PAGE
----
Is a Major Home Renovation Worth It in the Long Run?

Last week, we shared “7 Factors To Consider When Choosing A Home To Retire In.” For some homeowners, these seven factors can be taken into account with a home renovation, but is it worth it to remodel or change floor plans? Let’s look at this example. Let’s say you have a 4-bedroom colonial style home in a great school district. The neighborhood is amazing, and you are very comfortable there, but your kids are all grown up and the original benefits of the home no longer apply. You’ve always wanted a huge master suite and are considering merging 3 of the smaller bedrooms on the second floor to achieve this dream. In the short term, you are over the moon excited about your newly renovated oasis. In the long term, when you go to sell your home down the road, you’ve now taken a 4-bedroom home in a great school district and turned it into a 2-bedroom home. Your pool of potential buyers has shrunk significantly and so has the value of your home (unless you are able to find someone who has the exact needs you have today!). Why not consider listing your 4-bedroom home now and moving into a gorgeous 2-bedroom with a master suite? Your house can become a home for the next family looking for that perfect neighborhood with a great school district to raise their kids in! You may even be able to achieve your dream in the same area you love, without having to…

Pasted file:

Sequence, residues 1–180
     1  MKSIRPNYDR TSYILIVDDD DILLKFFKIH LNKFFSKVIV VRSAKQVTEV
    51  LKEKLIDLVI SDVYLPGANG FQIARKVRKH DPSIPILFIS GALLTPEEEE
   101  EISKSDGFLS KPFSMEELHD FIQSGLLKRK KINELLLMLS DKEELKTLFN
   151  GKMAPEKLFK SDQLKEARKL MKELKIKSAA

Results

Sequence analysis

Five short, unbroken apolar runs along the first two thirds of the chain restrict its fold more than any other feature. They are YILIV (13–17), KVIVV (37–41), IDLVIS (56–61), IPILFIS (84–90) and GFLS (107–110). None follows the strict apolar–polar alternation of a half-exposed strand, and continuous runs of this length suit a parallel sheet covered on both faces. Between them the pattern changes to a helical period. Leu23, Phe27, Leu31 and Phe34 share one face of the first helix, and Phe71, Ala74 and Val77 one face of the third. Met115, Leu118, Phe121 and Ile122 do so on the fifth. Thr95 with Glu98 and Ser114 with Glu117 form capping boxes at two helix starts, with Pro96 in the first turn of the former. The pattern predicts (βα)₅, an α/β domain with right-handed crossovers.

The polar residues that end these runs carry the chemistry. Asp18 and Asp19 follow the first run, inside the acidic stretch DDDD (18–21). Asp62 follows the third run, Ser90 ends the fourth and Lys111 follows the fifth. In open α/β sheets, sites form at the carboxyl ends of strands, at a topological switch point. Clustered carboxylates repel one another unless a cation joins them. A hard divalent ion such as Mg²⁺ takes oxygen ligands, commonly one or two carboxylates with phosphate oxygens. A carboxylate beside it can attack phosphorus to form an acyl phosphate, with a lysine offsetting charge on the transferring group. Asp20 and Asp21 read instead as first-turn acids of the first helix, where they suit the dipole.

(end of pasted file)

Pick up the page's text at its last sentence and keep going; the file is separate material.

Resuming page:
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Dreaming of a Luxury Home? Now’s the Time!